Wednesday 5 June 2024

Stonehenge Multicircuit Parch Marks Update

It is reported that since 2013 there has been further investigations into the parch marks at Stonehenge, see:

This image shows a terrain-flattened Digital Elevation Model of Stonehenge derived from UAS survey....
Analysis and interpretation of the results with Heather Sebire and Mark Bowden are ongoingText: Adam Stanford / Image: Survey data: Adam Stanford, GIS Analysis: Dr Scott Williams, SUMO GeoSurveys"

More at the link above, and for a full size version of the image:

One of the most interesting aspects of the Model is how it shows the bank between the Y and Z holes clearly. It is the irregular orange circle outside the stones between the blue dots which are the Y and Z holes. (Orange is a bank, blue a hole)

This bank was described in  Field, D. et al. (2014) ‘Analytical Surveys of Stonehenge and its Immediate Environs, 2009–2013: Part 1 – the Landscape and Earthworks’, Proceedings of the Prehistoric Society, 80, pp. 1–32. doi:10.1017/ppr.2014.6.

"Immediately within each circuit of depressions is an extremely low bank identified as both a surface expression and GPR response. As with the depressions this feature is not precisely circular in plan but has a series of sinuous bulges and relatively sharp angles. The nature of these banks cannot at present be determined."

When we were investigating the parch marks in 2013 I noticed marks in a circle in this area and wrote a post, copied below about them.

From the model it seems that the bank isn't a continuous bank but a series of mounds and the parch marks we plotted are between the mounds. In this portion the  orange mounds can be seen to be in line between the z and Y holes. 

Fascinating, I look forward to the results of the analysis of the model and other data.


Original Post from 30 August 2014:

Parch mark plan from English Heritage as published on - Colour enhanced for clarity. Click any to enlarge.

In July 2013 various parch marks were showing up at Stonehenge - as reported on this blog and professionally at The most noticeable were the stone hole marks between Stones 16 and 21.

But the Z and Y holes were also showing up well. Walking round them I noticed there seemed to be extra marks that were also in a circular pattern. They were jokingly called the Daw Holes as it seemed they were a product of my overheated imagination. But over the next week as the weather changed some became more noticeable and then they faded. As they were fading Mark Bowden and Sharon Souter from EH GPS mapped them as best we could. Some were more certain than others, some were quite doubtful but until the next spell of similar weather the plan above is as accurate as we will get of the phenomenon.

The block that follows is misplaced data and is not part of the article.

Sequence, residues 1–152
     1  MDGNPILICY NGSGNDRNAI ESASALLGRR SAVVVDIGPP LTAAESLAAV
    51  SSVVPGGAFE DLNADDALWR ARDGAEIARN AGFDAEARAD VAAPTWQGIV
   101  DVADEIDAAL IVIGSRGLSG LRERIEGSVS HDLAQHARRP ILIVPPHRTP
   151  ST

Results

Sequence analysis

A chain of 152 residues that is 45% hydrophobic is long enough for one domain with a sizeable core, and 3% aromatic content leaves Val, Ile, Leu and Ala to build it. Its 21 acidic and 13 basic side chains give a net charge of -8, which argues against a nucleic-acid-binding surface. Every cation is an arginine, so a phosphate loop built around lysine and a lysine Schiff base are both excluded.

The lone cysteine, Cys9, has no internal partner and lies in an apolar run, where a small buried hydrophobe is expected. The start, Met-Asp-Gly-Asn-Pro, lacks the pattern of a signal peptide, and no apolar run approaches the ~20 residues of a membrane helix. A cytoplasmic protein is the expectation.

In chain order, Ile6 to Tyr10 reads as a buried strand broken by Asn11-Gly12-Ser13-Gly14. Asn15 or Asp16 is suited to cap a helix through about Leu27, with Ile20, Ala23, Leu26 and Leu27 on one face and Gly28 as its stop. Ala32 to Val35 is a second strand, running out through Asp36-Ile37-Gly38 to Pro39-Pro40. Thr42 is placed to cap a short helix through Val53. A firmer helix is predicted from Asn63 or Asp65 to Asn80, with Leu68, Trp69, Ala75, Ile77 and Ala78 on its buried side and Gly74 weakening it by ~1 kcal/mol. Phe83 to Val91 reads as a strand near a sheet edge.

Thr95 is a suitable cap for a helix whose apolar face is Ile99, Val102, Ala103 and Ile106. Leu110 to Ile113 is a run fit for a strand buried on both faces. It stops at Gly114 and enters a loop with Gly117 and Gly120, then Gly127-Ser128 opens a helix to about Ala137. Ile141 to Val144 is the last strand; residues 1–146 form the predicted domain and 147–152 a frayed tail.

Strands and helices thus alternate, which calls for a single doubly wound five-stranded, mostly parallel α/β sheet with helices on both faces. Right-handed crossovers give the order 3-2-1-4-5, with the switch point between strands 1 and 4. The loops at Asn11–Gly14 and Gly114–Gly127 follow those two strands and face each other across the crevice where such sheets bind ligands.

It was noticeable that the Z and Y holes that had been excavated and those that hadn't appeared the same, and that the other parch marks were very similar to the known holes.

I realised that the marks might have more modern causes, the most obvious being the Fire Garden for the Olympics, but they didn't seem to coincide with any installations so I am certain that was not a cause.

One reason for some of the marks may be the larch poles used to prop the stones up in late Victorian times. Sharpe's aerial photograph shows them well and can be overlain to some degree of accuracy onto the plan (As stones were leaning it is not completely accurate.) 

Apart from the poles for Stone 7 they don't noticeably line up with the marks but I would treat any marks near where the poles were installed with scepticism.

But this still leaves a lot of unexplained marks forming a rough ring equidistant between the Z and Y holes.

The wobble in the ring of Y holes (outer ring of marks) in the south east corner might be explained by reassigning Y6, Y7 and Y8 to the middle "Daw hole" ring and noting the faint marks further out as possible Y holes that were missed by Hawley.

What the marks show and from when is a new mystery of Stonehenge.

The conclusion of the Antiquity paper is: “The new discoveries do tentatively allow further consideration of the multicircuit post settings envisaged by Gibson (1998: 41-44) and comparison with Woodhenge and the Sanctuary as well as Stanton Drew (David et al. 2004) but in the absence of dating evidence this remains speculative. The more diffuse marks around the periphery of the site might offer support for Pitts’ (1981) suggestion of an outer ring of stones. However, again, more research is needed to clarify this issue. This emphasises the potential for new discoveries about Stonehenge (one of the most widely researched monuments in the world) through non-invasive as well as invasive techniques.”

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